Allow me to point out a universal human weakness: the ball in the air.

You're watching baseball on TV. The batter swings, the ball is hit — who would change the channel?

The ball in the air commands our attention. Especially if we are invested in its destination. Especially if we are to catch it, or to block its passage into the net or hoop — or if we have money, or pride, riding on its entrance or failure to enter the glove, net or hoop.

A ball suspended in the air is irresistably fascinating. We are subjects of gravity and fascinated with its effects. This is the key to suspense, the dramatic equivalent of the ball in the air.

Tallulah Bankhead was getting crap from an upstart young actress who declared she could upstage Tallulah anytime. "Dahling," said Miss Bankhead, "I can upstage you without even being

The next night, she set out to prove it.

Life is a continual process of suspense. We all have several things in various stages of outcome going on in our lives. The future is hidden; the outcome is uncertain.

There are always things dangling over our heads. There's always a person somewhere dangling from a cliff, always a fly ball, dangling at the top of its arc, heading down to an uncertain outcome.

And not just one, but many — our lives are composed of several storylines in various states of completion. They are virtually always dangling, waiting for an outcome or new development.

While the upstart actress acted a long telephone conversation, Miss Bankhead made her exit - not before placing her champagne glass on the edge of the table, precariously balanced half-on, half-off.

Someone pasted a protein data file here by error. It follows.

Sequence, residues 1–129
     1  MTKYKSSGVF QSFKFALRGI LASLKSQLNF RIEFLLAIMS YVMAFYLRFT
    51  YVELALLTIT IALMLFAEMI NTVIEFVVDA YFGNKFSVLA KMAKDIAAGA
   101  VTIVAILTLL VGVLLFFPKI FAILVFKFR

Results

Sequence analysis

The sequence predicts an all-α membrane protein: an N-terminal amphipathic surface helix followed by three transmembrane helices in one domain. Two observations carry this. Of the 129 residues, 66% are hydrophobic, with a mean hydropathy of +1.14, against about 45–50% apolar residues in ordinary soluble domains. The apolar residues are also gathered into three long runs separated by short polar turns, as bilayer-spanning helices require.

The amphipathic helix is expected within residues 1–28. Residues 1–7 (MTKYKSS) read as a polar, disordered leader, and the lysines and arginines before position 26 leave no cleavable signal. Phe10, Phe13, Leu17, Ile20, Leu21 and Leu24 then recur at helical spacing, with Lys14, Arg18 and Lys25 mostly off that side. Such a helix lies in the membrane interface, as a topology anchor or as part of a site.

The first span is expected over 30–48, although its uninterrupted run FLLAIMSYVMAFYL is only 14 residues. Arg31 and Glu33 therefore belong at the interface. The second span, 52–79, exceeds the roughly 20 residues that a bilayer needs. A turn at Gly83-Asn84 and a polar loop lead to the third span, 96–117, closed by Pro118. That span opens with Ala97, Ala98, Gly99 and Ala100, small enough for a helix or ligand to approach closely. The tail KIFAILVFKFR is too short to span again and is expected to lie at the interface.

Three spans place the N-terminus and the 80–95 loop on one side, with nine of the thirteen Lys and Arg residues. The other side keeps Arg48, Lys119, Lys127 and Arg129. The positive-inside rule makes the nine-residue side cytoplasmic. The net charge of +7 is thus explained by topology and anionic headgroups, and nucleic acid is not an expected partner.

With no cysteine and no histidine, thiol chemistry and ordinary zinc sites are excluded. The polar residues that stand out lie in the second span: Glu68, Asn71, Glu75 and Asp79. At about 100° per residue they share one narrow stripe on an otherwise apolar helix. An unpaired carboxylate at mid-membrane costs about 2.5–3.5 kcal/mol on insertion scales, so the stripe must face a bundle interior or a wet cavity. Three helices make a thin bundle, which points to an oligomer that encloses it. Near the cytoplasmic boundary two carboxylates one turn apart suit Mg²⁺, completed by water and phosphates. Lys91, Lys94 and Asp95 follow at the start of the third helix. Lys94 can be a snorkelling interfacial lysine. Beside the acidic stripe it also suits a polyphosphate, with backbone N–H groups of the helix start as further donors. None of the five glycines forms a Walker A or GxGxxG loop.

A dangler is any unanswered question or unresolved situation which captures the audience's attention and pins them to their seat.

They'll wait around to see what happens. Meanwhile you will switch to something else, just the way we do in life. You'll leave them hanging.

They'll wait, suspended, to see the outcome. While they're waiting, you're servicing another part of your story. This is how it's done these days — in books, television and films.

People multitask every day. People have multiple storylines in their lives at all times. We expect them in our filmed entertainment.

The audience began to notice the dangling glass, and whisper in a hubbub. The upstart actress was completely upstaged. And Miss Bankhead nowhere in sight.

There are all kinds of danglers in a movie.

Some are large questions whose answers remain obscure until the denouement. These drive the story. Some are hidden agendas or uncertain outcomes — these drive your scenes.

Others are curiosities which add spice to your story. These are the danglers which we're talking about here. An added feature which helps drive your story along. It's boring when story is all straightforward — you need a digression now and then. Some comic relief. A new slant. An extra dimension.

Afterward, the secret was revealed: Miss Bankhead had put sticky tape on the bottom of the glass.

What's this have to do with danglers? The glass dangled, and the suspense of that focused your attention. But that's a red herring. The dangler in this article was the story itself.

Like "Rosebud" in Citizen Kane, or Capt. Miller's civilian occupation in Saving Private Ryan, or even the two racing brothers in Better Off Dead, danglers help you sustain audience interest and provide variety to your scripts. Use them wisely!

dangler n. A anecdote or refrain, parceled out in snippets over the course of your script. Use them to add value and variety, intrigue your audience, and keep them engaged.

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